The functional impact of the intrastriatal dopamine neuron grafts in parkinsonian rats is reduced with advancing disease
Research output: Contribution to journal › Article
Clinical trials involving intrastriatal transplants of human embryonic mesencephalic tissue have provided proof-of-principle that nigral dopamine (DA) neurons can survive and functionally integrate into the host neural circuitry. However, the degree of graft-induced symptomatic relief differs significantly between the patients. This variability has led to investigations aimed at identifying factors that could affect the clinical outcome. The extent and pattern of dopaminergic denervation in the brain may be one of the major determinants of the functional outcome after intrastriatal DA cell grafts. Here, we report that in animals subjected to an intrastriatal 6-hydroxydopamine lesion of the striatal dopaminergic afferent, the integrity of the host dopaminergic innervation outside the areas innervated by the graft is critical for optimal function of DA neurons placed in the striatum. Established graft-induced functional recovery, as assessed in the stepping and cylinder tests, was compromised in animals in which the dopaminergic lesion was extended to include also the medial and ventral striatum as well as the cortical and limbic DA projections. Poor clinical outcome after transplantation may, thus, at least in part, be caused by dopaminergic denervation in areas outside the graft-innervated territories, and similarly beneficial effects initially observed in patients may regress if the degeneration of the host extrastriatal DA projection systems proceeds with advancing disease. This would have two implications: first, patients with advanced disease involving the ventral striatum and/ or nonstriatal DA projections would be unlikely to respond well to intrastriatal DA grafts and, second, to retain the full benefit of the grafts, progression of the disease should be avoided by, for example, combining cell therapy with a neuroprotective approach.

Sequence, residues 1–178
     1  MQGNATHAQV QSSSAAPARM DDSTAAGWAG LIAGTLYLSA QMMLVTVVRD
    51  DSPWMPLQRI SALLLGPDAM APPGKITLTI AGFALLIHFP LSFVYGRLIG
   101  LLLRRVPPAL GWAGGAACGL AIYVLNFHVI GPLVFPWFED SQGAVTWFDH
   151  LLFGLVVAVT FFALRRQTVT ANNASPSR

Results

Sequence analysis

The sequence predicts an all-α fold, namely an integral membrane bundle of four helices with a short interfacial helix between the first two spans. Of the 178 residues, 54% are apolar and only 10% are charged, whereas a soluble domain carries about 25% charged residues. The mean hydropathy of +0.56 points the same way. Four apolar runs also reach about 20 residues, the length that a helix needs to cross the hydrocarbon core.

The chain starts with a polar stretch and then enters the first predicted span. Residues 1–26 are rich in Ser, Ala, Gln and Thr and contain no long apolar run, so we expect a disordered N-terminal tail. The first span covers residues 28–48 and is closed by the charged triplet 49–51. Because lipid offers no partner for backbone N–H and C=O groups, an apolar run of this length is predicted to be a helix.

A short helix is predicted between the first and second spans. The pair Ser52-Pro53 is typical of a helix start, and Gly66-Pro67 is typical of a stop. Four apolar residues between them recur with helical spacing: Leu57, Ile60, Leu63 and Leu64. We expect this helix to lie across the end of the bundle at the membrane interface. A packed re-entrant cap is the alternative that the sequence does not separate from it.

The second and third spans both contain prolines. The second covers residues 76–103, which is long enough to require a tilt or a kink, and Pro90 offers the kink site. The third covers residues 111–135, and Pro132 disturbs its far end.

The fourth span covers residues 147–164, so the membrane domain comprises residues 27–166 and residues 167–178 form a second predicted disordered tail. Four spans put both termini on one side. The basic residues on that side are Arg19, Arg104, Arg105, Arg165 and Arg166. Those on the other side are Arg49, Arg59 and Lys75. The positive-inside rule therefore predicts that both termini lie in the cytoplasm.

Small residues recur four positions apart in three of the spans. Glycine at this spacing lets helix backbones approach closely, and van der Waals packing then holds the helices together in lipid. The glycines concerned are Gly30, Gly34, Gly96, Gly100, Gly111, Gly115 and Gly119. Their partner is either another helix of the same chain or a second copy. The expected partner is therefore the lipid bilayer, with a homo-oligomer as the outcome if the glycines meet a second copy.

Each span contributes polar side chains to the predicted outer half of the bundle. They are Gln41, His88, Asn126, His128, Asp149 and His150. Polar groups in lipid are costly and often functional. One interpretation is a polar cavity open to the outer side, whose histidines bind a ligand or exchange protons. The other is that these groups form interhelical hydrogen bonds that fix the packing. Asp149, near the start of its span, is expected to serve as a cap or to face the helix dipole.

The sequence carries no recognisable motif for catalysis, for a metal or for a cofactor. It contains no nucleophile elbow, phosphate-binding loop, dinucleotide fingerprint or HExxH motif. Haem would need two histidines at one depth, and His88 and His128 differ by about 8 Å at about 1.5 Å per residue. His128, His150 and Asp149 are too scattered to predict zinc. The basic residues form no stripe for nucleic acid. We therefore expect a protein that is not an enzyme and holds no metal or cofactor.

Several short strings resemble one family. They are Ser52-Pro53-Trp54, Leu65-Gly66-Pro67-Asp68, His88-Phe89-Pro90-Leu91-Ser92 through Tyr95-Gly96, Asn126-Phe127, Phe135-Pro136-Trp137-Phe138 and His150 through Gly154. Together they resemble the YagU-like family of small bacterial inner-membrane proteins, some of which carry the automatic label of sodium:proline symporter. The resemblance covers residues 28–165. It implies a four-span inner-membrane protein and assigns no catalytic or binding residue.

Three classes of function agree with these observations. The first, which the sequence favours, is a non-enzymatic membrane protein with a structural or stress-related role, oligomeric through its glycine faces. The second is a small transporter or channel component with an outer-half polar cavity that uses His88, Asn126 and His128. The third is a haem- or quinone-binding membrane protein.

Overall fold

|Research areas and keywords||
Subject classification (UKÄ) – MANDATORY
|Journal||Journal of Neuroscience|
|Publication status||Published - 2007|